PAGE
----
Tom Albo argues over at Esquire that what passes for street style these days is too self conscious and preening to mean anything. The case can be made that the current crop of street style camera jockeys are fashion photographers more than documentarians of “what’s really going on,” but the case that true street style is ever truly “effortlessly cool” is specious. But, as Heisenberg might wonder, were he a Styleforum member, can you observe street fashion without affecting it? Albo defines real street style thusly: “a tough bag, good sunglasses, and solid footwear that helps you dodge the various slow and crazy people in the way… as effortlessly cool as Debbie Harry in the morning.”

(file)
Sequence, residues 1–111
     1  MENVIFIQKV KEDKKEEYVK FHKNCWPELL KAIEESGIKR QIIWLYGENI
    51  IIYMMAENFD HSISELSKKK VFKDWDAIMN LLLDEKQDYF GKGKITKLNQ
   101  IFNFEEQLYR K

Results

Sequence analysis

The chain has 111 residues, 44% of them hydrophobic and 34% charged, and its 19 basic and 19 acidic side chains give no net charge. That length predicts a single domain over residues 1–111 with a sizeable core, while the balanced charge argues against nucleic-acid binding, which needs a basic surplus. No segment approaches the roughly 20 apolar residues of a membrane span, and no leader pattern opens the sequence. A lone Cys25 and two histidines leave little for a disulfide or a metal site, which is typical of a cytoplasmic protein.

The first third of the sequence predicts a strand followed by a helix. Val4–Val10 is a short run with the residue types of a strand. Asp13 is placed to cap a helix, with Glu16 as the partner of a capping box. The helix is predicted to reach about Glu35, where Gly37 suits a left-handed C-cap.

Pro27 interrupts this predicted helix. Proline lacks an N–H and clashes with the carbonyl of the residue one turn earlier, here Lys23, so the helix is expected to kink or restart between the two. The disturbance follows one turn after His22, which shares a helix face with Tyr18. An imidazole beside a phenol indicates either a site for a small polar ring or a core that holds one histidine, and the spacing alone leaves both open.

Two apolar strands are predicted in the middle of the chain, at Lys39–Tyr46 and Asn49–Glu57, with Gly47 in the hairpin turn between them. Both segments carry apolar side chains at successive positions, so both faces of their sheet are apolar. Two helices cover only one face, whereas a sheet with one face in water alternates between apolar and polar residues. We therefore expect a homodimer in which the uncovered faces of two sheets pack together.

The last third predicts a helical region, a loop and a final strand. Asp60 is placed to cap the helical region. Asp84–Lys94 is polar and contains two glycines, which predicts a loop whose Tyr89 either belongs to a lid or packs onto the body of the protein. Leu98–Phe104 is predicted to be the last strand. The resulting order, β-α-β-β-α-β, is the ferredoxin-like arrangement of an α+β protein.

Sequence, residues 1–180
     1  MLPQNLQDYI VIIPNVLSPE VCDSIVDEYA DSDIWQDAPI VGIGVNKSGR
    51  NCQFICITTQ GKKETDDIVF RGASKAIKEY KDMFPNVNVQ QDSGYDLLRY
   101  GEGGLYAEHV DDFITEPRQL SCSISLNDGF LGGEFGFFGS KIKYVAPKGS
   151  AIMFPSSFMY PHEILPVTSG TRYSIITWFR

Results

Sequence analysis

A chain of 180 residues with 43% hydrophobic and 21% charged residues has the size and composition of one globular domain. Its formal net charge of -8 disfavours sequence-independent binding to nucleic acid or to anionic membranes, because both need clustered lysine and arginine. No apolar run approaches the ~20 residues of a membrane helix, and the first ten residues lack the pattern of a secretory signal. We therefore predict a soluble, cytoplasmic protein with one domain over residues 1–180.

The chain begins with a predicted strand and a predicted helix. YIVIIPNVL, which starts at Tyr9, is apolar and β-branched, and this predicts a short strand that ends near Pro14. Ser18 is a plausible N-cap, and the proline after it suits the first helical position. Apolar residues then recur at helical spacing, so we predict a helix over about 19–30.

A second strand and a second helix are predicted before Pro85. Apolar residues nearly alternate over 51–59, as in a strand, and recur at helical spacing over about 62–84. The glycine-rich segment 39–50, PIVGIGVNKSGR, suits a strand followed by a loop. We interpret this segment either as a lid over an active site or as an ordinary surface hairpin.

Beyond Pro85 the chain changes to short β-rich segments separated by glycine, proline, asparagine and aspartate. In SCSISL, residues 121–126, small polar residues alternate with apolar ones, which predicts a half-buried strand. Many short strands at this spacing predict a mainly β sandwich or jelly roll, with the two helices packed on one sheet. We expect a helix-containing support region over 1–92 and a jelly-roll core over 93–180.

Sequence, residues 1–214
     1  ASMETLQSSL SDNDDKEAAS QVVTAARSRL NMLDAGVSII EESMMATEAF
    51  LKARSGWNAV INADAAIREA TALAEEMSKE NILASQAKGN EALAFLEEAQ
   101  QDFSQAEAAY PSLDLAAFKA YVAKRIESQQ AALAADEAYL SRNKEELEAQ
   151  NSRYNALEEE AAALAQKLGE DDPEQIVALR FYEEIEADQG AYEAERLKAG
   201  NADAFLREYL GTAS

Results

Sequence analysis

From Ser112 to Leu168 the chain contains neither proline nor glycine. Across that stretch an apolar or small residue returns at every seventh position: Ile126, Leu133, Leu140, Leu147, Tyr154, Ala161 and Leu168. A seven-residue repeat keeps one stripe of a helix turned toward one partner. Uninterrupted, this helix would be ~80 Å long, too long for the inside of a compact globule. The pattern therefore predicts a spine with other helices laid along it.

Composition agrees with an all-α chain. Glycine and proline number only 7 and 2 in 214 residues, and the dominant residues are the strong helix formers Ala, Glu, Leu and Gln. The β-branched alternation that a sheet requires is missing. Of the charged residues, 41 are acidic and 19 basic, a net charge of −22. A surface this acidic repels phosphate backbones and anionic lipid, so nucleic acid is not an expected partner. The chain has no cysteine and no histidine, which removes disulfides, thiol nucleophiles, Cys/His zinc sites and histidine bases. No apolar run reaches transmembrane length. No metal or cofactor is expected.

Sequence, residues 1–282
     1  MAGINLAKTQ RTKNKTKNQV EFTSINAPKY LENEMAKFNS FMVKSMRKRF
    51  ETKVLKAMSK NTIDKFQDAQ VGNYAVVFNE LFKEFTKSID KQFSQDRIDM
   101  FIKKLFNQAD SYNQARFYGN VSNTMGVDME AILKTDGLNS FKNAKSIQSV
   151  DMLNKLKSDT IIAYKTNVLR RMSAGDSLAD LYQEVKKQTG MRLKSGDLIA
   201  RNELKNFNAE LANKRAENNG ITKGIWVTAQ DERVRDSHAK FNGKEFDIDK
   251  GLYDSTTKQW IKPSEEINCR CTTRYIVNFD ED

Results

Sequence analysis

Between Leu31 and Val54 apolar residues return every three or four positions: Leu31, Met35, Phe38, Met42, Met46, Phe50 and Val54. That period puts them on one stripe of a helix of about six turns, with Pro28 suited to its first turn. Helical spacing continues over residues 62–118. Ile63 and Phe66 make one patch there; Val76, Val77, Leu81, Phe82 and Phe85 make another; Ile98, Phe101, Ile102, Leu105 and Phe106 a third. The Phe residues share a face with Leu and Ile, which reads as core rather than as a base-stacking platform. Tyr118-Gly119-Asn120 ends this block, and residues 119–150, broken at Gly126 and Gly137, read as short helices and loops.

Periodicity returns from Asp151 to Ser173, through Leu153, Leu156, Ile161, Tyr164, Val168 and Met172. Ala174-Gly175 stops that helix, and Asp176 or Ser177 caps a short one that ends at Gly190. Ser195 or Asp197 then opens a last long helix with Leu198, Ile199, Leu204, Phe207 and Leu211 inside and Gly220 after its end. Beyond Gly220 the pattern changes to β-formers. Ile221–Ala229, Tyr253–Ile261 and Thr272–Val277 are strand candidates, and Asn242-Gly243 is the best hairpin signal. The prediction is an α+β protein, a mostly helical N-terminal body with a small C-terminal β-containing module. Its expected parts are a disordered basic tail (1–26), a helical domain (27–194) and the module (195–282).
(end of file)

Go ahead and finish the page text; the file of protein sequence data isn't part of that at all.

Really, this is an excuse to post interviews with two of New York’s most celebrated street photographers–Bruce Davidson (his Brooklyn Gang series documented a group of poor, shiftless teens who happen to look cool as hell) and Ricky Powell (a hobbyist who was in the right place at the right time to catch the rise of NY hip hop on film)–excerpted from Cheryl Dunn’s in-progress documentary, Everybody Street (how meta). There may be a chasm between what these guys (street photographers) do and what The Sartorialist or Bill Cunningham (street style photographers) do, but does that mean “street style” is dead?